Many industries produce toxic liquids in the form of fuels, oils, and chemicals, among others. Some liquids, like pesticides and cleaning products, are common in households. Statistics show that the European Union produced approximately 100.7 million tonnes of hazardous liquid waste in 2016 alone.

The production of hazardous liquids doesn’t pose a global environmental challenge. However, how we dispose of the toxic liquid waste greatly determines the sustainability of our environment and public health safety. Generally, improper disposal of hazardous waste and failing to comply with national health regulations can seriously harm both our health and the environment.

Every citizen must be vigilant and careful when disposing of hazardous liquids, regardless of whether they’re using it at home or in places of work. The government has been keen to protect the environment from careless pollutions by undiscerning individuals, and failing to dispose of hazardous liquid materials safely and compliantly can easily earn you a hefty fine, prosecution and even imprisonment.

Therefore, it’s essential to establish a waste management system that discards hazardous liquid waste safely and efficiently and in compliance with the Hazardous Waste Regulations of 2005.

Dispensing hazardous liquid waste is relatively simple, and there is no reason why an individual should risk the lives of millions of people by dumping waste inappropriately. This article provides you with a detailed guide on how to dispose of hazardous liquid safely without compromising human health and the global environmental safety.

Understanding hazardous liquid waste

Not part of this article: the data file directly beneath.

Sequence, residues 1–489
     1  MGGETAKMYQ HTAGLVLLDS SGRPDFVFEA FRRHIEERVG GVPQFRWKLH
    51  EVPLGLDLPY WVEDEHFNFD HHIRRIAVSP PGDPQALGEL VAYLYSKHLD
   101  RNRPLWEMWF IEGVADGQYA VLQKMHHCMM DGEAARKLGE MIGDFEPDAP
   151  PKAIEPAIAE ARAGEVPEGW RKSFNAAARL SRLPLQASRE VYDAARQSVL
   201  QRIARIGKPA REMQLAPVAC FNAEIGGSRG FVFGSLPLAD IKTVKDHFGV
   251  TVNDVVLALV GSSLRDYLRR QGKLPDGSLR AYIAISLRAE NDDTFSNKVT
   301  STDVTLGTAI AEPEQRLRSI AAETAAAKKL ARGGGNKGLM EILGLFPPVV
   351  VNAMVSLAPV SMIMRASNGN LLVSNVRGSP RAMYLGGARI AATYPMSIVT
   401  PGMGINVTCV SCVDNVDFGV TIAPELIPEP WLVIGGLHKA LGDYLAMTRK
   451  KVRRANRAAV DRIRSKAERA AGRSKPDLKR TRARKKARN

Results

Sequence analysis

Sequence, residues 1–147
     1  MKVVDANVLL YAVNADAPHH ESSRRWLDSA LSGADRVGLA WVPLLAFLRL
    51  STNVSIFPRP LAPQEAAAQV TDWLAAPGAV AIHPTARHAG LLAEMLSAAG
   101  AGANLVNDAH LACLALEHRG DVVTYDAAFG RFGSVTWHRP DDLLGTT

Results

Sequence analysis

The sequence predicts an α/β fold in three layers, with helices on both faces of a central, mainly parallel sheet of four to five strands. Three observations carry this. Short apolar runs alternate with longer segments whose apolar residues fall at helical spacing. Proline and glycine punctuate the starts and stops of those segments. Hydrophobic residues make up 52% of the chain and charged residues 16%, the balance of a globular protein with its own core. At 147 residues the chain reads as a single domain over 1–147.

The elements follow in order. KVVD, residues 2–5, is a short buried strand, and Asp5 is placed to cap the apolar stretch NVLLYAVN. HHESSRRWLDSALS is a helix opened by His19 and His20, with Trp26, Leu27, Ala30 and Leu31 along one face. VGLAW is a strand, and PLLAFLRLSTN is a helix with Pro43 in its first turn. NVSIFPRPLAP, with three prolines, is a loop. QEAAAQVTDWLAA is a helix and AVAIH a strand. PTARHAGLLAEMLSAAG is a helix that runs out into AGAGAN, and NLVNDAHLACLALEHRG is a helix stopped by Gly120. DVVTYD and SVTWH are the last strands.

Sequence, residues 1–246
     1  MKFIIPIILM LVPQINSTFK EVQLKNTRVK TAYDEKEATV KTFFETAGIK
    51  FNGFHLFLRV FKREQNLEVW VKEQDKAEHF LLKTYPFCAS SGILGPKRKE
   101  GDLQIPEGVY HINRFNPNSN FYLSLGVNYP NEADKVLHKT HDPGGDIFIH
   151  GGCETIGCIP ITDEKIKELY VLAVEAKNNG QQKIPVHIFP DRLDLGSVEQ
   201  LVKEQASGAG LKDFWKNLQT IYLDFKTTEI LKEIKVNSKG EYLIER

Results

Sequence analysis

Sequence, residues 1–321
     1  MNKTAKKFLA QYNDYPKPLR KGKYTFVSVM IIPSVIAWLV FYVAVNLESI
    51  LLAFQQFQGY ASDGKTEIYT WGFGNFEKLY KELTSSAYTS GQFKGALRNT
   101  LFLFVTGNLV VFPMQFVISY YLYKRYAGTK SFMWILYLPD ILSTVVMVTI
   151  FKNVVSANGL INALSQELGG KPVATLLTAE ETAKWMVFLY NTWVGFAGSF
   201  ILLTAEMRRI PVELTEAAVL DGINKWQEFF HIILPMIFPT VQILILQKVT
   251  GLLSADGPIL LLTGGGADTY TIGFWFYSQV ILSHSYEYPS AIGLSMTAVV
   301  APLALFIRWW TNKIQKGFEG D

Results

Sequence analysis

Hazardous liquids are disposed of differently from ordinary waste. Therefore, waste producers must discard it through proper processes to ensure that it doesn’t cause harm to animals, humans and the environment.

The law prohibits you from treating your own toxic liquid waste unless you’re qualified and certified to do so, and have necessary on-site facilities to ensure that you’re treating it safely. Before disposing of or treating your liquid waste at home, find out whether it’s hazardous or just an ordinary liquid waste.

A liquid is considered toxic if it contains elements or substances harmful to both humans and the environment. The following are examples of hazardous liquids:

  • Flammables like petroleum and diesel
  • Cleaning chemicals and detergents
  • Used engine oil
  • Corrosive liquids
  • Paint products

Before disposing of your liquid waste, check if it’s classified under hazardous liquids on the UK government website or contact the environment agency for advice.

Here is a simple process to safe disposal of hazardous liquid:

  • Proper storage. The law requires you to store any hazardous liquid waste responsibly and compliantly. You must store it in compatible containers and seal them tightly to prevent leakage.
  • Designate a hazardous liquid storage area. For instance, it’s advisable that you store it near the waste generation site.
  • Add a secondary container that will capture any leaks or spills from the primary container (optional).
  • Dispose of the hazardous waste at authorized sites. You can contact a specialist disposal company to collect the toxic liquid from your home or workplace. If you’re disposing of the liquid to a landfill, ensure that you use a site that’s authorized to accept the waste. Mostly, landfills reject certain types of hazardous liquids such as flammables and corrosives. So, check whether they accept your waste before delivering.

Final note

Disposing of hazardous liquid wastes in a safe and environmentally-friendly manner can be challenging for most people and businesses. However, non-compliance and irresponsible hazardous waste disposal can severely harm the environment and human health. Consequently, irresponsible waste disposers risk stringent penalties if they fail to comply with the set regulations. Therefore, you should strive to follow these few simple steps to ensure maximum compliance to waste disposal regulations.